By Emily Bialkowski
An ultra soggy spring, coupled with what the National Weather Service is describing as a flash drought in late summer, has many wondering what the fall harvest will look like. Here, UW-Extension Educator Jerry Tesmer answers a few questions.
Q. What is the overall outlook for crop yields this fall?
A. Highly variable; corn was planted May 2, two weeks later on May 14, again two weeks later on June 2, and finally some was planted the last week of June. It’s like we have four different crops out there. Generally, the first two are good, June 2 may be debatable for quality, and the late June is likely to be chopped as corn silage.
Q. Disastrous spring rains and a dry summer has had to have impacted production – can you speak to that?
A. Yields in the last crop of hay have really plummeted; some of the later planted corn may end up with light test weight kernels.
Q. What kind of comments are you hearing from local producers?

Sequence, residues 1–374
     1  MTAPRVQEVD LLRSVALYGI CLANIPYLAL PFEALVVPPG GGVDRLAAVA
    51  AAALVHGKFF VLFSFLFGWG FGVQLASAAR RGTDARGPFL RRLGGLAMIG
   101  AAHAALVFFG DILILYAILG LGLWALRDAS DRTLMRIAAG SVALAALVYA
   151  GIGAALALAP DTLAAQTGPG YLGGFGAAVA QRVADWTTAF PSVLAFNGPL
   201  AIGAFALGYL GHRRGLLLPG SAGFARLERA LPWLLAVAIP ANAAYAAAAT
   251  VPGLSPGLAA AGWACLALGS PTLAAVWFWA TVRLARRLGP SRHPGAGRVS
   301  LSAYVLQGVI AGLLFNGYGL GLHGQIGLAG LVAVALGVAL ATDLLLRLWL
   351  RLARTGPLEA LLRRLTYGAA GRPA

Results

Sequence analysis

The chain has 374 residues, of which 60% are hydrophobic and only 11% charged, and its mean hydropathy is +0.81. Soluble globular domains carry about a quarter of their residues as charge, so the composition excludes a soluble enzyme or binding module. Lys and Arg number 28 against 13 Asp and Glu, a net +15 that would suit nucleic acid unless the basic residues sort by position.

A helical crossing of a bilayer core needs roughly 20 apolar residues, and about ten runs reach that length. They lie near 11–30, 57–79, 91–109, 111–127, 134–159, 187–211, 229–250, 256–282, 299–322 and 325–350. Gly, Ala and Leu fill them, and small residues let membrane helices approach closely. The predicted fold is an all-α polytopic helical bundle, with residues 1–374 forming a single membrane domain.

A. In addition to the lower hay yields, pastures have been drying up. It may mean starting to feed winter hay supplies earlier to beef cows. In many cases there was little or no carryover from last year.
Q. I’ve read diseases have developed in Minnesota corn and soybean fields in early August – is that a concern for southeastern Minnesota?
A. White mold may be an issue in soybean fields. Also called Sclerotinia stem rot, white mold is present throughout most of the northern states. It can cause significant damage in infested fields.
Q. How does all this effect livestock producers?
A. There will be more corn chopped as corn silage to cover hay shortfalls, and prices are likely to remain high for hay for another year. If additional corn silage is chopped it may mean purchasing additional corn for feed grain or having less to sell. Either way it affects the cash flow.